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New study analyses presence of added sugars, sweeteners in spanish foods
In the midst of the war against sugar, Spanish researchers have examined the main food groups that contribute to its consumption, such as soft drinks, yoghurts, chocolates, ice creams, cereals and jams.
In recent decades, studies have shown that excessive intake of added sugars has detrimental health effects, contributing to increased rates of excess weight and obesity and an increased risk of diabetes.
In 2015, the World Health Organization (WHO) issued recommendations on the consumption of added sugars among children and adults, and agreed to limit their consumption to less than 10% (firm recommendation) and even less than 5% (conditional recommendation) of the amount of daily energy.
Now, new research led by experts from the CEU San Pablo University and the Spanish Nutrition Foundation analyses the presence of added sugars and their usual substitutes, low-calorie or non-calorie sweeteners, in 1,164 products among the main food groups consumed in our country - with data from the ANIBES study.
"At present, processed and ultra-processed products are among the main sources of added sugars in our diet, and the increase in their consumption in developed countries, including Spain, has been significant in the last twenty years," explains María de Lourdes Samaniego Vaesken, lead author of the study and associate professor at CEU San Pablo, to SINC.
Among the products analyzed, 42% included some type of added sugar and 10% contained sweeteners in their list of ingredients. Only 5% of the products admitted to jointly containing sugars and sweeteners.
The results, pioneering in Spain and published in the Nutrients journal, reveal that low-calorie or non-calorie sweeteners are present in 100% of carbonated sugar-free beverages, 89% of sweets such as candies and sugar-free chewing gum, 45% of soy beverages, and 18% of yogurts and fermented milks.
On the other hand, added sugars were found in 100% of sugary soft drinks, 96% of energy and isotonic drinks, 100% of bakery and pastry products, chocolates and ice cream, 96% of breakfast cereals and cereal bars and 89% of jams.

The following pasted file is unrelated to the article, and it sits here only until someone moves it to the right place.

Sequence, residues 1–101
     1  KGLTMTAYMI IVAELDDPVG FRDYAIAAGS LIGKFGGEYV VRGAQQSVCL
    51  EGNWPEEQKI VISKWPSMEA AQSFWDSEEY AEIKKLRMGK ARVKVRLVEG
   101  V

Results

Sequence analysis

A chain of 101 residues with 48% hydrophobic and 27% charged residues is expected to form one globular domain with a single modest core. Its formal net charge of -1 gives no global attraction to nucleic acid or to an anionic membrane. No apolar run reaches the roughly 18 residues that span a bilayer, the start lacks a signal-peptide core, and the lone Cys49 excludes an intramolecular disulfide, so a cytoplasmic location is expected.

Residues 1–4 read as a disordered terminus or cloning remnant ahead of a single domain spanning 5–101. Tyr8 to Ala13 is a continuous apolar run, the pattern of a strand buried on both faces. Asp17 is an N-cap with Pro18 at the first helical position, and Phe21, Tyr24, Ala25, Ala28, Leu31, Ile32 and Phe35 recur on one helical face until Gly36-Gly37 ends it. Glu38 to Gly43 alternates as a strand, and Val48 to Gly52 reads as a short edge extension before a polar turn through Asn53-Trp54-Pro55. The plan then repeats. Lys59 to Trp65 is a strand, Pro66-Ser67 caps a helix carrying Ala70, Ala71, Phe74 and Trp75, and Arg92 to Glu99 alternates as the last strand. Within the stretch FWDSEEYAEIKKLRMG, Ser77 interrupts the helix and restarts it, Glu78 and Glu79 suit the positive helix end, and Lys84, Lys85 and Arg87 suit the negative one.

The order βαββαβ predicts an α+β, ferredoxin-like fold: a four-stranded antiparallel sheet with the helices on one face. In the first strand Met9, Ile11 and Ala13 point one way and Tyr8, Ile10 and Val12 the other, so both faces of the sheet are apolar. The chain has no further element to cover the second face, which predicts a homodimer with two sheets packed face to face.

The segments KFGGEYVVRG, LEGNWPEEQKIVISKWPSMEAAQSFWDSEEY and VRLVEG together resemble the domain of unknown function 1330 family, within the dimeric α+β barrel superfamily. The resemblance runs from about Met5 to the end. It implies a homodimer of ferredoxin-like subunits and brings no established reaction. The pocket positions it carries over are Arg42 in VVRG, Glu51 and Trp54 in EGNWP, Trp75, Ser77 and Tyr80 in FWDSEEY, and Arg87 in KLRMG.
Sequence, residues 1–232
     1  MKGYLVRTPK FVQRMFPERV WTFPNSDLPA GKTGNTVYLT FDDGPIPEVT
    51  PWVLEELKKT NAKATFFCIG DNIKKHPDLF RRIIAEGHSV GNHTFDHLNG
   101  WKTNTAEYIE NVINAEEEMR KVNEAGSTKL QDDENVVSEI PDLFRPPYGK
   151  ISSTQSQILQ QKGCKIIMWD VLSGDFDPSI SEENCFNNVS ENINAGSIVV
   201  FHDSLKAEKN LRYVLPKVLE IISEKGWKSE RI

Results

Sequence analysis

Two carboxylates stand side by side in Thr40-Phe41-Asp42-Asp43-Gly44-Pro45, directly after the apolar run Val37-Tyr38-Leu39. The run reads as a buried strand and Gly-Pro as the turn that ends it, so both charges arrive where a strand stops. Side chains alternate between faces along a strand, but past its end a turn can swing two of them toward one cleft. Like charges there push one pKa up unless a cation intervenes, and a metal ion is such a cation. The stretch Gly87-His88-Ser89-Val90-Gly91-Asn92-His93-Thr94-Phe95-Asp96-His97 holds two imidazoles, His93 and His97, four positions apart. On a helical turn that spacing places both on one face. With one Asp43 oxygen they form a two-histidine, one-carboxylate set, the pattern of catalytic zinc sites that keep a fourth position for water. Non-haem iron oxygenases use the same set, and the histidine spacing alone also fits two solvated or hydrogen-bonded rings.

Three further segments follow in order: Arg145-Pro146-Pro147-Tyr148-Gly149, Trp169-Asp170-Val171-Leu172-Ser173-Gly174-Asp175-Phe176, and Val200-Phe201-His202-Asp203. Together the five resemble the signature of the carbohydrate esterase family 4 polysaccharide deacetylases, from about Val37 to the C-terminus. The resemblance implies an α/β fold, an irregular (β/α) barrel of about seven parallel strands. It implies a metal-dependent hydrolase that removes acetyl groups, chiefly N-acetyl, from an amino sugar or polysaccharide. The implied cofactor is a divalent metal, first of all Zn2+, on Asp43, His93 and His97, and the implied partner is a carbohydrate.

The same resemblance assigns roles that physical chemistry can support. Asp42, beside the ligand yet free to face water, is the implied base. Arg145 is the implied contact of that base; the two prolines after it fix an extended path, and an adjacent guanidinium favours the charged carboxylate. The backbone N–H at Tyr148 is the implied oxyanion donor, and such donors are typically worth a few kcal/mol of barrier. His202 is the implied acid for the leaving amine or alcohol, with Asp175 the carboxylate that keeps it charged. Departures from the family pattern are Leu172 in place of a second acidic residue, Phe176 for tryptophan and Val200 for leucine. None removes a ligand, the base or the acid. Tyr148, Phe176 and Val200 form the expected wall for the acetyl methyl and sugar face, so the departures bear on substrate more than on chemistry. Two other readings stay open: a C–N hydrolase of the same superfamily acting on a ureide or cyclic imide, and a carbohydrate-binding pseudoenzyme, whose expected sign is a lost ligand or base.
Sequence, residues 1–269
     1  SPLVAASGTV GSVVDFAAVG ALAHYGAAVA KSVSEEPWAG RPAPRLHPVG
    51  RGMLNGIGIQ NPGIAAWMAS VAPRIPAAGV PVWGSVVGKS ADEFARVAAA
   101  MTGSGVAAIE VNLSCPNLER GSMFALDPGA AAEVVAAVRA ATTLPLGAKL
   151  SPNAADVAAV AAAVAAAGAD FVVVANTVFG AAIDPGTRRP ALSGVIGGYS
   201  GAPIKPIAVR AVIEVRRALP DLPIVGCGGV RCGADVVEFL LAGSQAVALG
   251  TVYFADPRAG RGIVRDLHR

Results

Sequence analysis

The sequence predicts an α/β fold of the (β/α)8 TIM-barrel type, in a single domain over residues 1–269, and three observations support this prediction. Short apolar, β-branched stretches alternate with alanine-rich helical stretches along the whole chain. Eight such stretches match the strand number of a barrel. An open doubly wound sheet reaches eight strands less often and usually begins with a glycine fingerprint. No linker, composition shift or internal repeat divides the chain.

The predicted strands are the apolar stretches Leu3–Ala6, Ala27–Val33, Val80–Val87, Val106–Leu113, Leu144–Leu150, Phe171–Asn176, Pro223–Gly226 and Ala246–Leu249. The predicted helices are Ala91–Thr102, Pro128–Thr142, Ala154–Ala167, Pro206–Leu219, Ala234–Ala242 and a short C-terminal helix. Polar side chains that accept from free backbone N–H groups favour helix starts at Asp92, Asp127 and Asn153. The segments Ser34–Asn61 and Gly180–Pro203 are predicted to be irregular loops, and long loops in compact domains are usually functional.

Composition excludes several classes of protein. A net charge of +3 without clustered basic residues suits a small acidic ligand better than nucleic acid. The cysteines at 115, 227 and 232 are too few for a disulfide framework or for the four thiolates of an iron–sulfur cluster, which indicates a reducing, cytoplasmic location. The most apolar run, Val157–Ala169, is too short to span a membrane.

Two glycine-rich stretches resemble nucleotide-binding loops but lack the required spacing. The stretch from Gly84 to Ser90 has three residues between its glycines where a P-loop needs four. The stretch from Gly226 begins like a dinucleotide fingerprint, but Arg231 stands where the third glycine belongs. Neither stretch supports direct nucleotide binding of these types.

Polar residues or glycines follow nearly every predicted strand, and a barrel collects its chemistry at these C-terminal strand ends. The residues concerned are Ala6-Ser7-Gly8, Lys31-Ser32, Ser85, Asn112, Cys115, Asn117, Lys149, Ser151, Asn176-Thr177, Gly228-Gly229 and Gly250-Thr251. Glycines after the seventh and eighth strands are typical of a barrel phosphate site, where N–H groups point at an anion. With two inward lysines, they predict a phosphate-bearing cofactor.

More striking is the sugar content of sausages and other meat products as well as those originating from fish. It is thus that the authors observed the presence of added sugars in 86% of sausages and other subgroups of meat products (i.e. bacon, chorizo, etc.) and in 14% of fish products. Low-calorie or no-calorie sweeteners were also present in 8.5% of sausages and other meat products.
In addition, 78% and 63% of canned legumes and fruits, respectively, contained added sugars, whereas with canned vegetables, this was only 10%.
As for 'ready-to-consume foodstuffs', 61% of the products evaluated were found to contain added sugars. Similarly, the snacks analyzed had added sugars in 8% of the products. Finally, in sauces and condiments, 57% of the products evaluated contained added sugars.
The main sweetener types identified were acesulfame-K, sucralose, aspartame and cyclamate. The added sugar types most commonly used in the products evaluated were sucrose, dextrose, glucose-fructose syrup, caramel and honey.
"Our data show the diversity of food groups that include these ingredients," adds Samaniego. "The main limitation we found was the absence of the levels or amounts added to each one of them on the labels, as European legislation does not require such a declaration."
Safe, but information is missing The food industry has increased the use of sweeteners in foods and beverages as substitutes for sugar in the last thirty years. This is because consumers have become aware of the reduction in intake of foodstuffs that are rich in this ingredient.
Although the European Food Safety Agency (EFSA) and the available scientific evidence support the safety of the added levels of these food additives, the data regarding the consumption of the different types of sweeteners and sugars contained in the foods and beverages marketed are limited.
"Moreover, these data are not collected in the Food Composition Databases, which should be updated periodically and include added sweeteners and sugars to facilitate their evaluation and follow-up in nutritional surveys," concludes Samaniego.